April 6, 2014
The Effects of Mass Media on African American Women Body Images
Over the past 10 years, mass media and the access to social networks has evolved substantially causing the effects of negative self-image and what is considered beautiful. Body image expectations for both African-American male and female share the battles of society’s expectations, yet African American women body images come with a stricter and more unhealthy stigma; growth of social media such as Facebook, Instagram and Twitter brings these expectations of self-image into our homes and our children minds. “The Internet is easily the most pervasive form of mediated communication that we encounter in our lives. Even traditional forms of mass communication drive us toward the Internet” (Bryant, Thompson & Finklea, 295). Social networks influences negative self-image and expectations of what is beautiful to society. Beauty expectations has a long standing history into our lives, but comparing the increase in body augmentations, extreme dieting and even bulimia nervous in our generation is heavily related to mass media. Over exposure to social networks may contribute to the development of low discrepancy for sexual desire with partner, negative views toward self-body image, and even the need to seek illegal avenues for plastic surgery.
As humans, we tend to rate ourselves pretty harsh and I believe social media networks have caused an increase for the expectations of body image. Recently, the media has had a huge impact on relationships, the proper raising of children and especially the ideal body that an African- American woman should have. Although, I do highly believe that we should improve woman’s health, I also know that every person doesn’t look like the model we see on television. In the African American culture, recently, it has been a turn of times and the media thin-ideal is being curvy within our community. Every new music video and social media networks put the black woman with the tiny waist with huge thighs and butt as the perfect woman. The impact of the media is causing a change in African American women views on their lives, body and overall expectations as what a black woman should look like. It is well known that obesity and being curvier than other races is well documented within society, yet it’s now becoming an issue with our society to enhance these features that we are so well known for. Even for the common thin-ideal woman that is often portrayed in the media is typically 15% below the average weight of women, representing an unrealistic standard of thinness (tall, with narrow hips, long legs, and thin thighs) (Johnson, Tobin, & Steinberg, 1989). Yet within the African American culture, video vixens promote their bodies as a sign of owning who they are and controlling the situation regardless of what they may have on. Still another perspective is that of Melyssa Ford, “the highest paid video girl to date” (Byrd and Solomon, 2005) who describes her vulnerability on video shoots, objectification by men, and the process of reclaiming power over her own body, which she describes as her commodity. Without denial, Melyssa Ford is a well-educated woman and one of the few vixens who have used her body to open doors to new opportunities, but believing her body is the golden ticket is the main issue that I have with the media influence. These contrasting perspectives demonstrate the complexity of issues (e.g., the range of perceptions about woman’s objectification) and pose critical questions for scholars who seek to understand contemporary Black women’s experiences (Byrd and Solomon, 2005). The idea that the African American woman has been created as an object and should have a particular body to be accepted into their culture as the ideal African American woman. Black culture has always been the more voluptuous curves in women, yet those women were considered cornbread fed and the...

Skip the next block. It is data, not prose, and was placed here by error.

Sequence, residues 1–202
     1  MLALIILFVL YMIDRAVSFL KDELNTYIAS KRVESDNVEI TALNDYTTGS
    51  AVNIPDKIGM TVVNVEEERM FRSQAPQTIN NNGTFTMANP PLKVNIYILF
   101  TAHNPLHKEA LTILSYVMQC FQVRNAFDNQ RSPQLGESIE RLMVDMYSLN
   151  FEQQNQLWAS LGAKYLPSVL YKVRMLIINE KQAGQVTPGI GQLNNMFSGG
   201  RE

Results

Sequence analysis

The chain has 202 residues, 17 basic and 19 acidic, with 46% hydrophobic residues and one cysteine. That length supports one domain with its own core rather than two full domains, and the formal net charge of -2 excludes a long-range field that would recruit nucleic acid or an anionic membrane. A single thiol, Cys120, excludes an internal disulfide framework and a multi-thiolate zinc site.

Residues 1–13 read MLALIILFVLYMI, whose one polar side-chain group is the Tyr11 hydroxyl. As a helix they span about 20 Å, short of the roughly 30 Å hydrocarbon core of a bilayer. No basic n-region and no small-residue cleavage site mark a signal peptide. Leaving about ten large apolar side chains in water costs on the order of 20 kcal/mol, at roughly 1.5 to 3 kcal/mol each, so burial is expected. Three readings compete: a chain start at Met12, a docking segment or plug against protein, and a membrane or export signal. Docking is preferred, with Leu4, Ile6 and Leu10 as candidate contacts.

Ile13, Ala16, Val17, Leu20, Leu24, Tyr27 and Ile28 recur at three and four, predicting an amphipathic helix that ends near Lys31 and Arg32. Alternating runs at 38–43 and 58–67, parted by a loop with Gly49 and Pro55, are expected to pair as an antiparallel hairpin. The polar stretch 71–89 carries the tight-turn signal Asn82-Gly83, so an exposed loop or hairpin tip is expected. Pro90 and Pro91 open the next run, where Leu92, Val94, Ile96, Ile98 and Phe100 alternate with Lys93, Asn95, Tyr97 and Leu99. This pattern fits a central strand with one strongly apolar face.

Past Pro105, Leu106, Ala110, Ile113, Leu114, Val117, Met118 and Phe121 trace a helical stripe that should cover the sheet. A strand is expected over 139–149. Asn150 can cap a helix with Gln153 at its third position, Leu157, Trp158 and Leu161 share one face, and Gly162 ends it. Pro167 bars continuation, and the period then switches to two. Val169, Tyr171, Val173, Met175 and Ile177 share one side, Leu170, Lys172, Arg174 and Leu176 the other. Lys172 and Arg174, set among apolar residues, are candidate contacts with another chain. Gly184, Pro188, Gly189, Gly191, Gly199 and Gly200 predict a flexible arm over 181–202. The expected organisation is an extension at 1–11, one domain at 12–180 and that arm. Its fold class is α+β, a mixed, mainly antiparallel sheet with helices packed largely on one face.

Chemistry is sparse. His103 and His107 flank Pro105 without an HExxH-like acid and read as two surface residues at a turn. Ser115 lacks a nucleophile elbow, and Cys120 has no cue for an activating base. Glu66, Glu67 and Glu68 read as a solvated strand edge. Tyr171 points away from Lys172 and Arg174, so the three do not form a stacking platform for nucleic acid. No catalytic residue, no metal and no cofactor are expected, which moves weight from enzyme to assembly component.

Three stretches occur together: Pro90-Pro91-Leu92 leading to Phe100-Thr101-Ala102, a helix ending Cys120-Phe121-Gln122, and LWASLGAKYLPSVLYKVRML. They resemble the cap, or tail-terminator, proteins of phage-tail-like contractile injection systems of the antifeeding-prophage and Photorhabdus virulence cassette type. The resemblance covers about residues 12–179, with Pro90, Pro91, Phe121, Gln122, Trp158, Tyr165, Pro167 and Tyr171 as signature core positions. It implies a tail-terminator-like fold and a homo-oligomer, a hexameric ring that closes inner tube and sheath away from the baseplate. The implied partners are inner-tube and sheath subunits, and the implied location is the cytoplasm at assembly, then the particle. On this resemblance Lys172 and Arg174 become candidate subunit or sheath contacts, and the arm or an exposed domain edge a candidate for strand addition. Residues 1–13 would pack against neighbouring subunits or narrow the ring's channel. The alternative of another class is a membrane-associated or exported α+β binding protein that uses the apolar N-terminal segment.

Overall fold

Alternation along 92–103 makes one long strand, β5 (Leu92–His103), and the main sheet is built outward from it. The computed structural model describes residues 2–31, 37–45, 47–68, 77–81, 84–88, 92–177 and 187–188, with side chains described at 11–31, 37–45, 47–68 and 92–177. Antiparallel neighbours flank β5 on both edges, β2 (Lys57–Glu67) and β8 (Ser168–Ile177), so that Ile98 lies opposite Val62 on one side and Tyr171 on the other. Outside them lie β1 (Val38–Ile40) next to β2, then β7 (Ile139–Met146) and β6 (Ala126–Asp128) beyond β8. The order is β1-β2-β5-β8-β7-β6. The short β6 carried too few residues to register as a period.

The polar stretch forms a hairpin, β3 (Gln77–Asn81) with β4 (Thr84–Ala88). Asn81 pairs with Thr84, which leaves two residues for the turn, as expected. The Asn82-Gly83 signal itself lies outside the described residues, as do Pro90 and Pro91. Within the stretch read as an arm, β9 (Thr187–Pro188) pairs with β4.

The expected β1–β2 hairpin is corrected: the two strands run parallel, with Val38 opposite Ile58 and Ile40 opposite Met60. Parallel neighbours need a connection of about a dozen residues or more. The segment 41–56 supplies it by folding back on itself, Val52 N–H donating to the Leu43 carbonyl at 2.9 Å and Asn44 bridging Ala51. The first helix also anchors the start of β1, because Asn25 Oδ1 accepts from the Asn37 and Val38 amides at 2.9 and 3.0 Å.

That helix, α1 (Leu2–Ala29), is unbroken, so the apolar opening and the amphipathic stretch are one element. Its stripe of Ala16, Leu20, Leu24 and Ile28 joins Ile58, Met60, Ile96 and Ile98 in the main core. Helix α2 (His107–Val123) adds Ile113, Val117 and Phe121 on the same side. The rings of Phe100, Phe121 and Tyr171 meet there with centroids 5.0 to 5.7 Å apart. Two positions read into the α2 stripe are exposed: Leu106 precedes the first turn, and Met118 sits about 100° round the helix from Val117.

Cited: Bryant, Jennings, Susan Thompson, and Bruce W. Finklea. Fundamentals of Media Effects. 2nd ed. Boston, MA: McGraw-Hill, 2002. Print.
Byrd, Ayana, and Akiba Solomon. Naked: Black Women Bare All About Their Skin, Hair, Hips, Lips and Other Parts. New York: Penguin Group, 2005. PsychINFO. Web. 4 Apr. 2014. .
Hawkins, Nicole, P. Scott Richards, H. Mac Granley, and David M. Stein. "The Impact of Exposure to the Thin- Ideal Media Image on Women." University of Houston- PsychINFO. Taylor & Francis, Inc., n.d. Web. 4 Apr. 2014.
Johnson, C. L., Tobin, D. I., & Steinberg, S. L. (1989). Etiological, developmental and treatment considerations for bulimia. Special issue: The bulimic college student: Evaluation, treatment and prevention. Journal of College Student Psychotherapy, 3(2-4), 57-73.
Stice, E. "Risk Factor for Eating Pathology: Recent Advances and Future Directions." Introduction. Eating Disorders: Innovative Directions in Research and Practice. N.p.: n.p., 2001. 51-73. Washington, DC: American Psychological Association. Web. 4 Apr. 2014.
Stice, Eric, Nathan Marti, Sonja Spoor, Katherine Presnell, and Heather Shaw. Long- Term Effects from a Randomized Efficacy Trial. N.p.: American Psychological Association, 2008. NCBI Online Database. Web. 4 Apr. 2014. .
Zhang, Yuanyuan, Travis L. Dixon, and Kate Conrad. "Rap Music Videos and African American." Journal of Communication. University of Houston- Downtown, 1 June 2009. Web. 4 Apr. 2014. .
Please join StudyMode to read the full document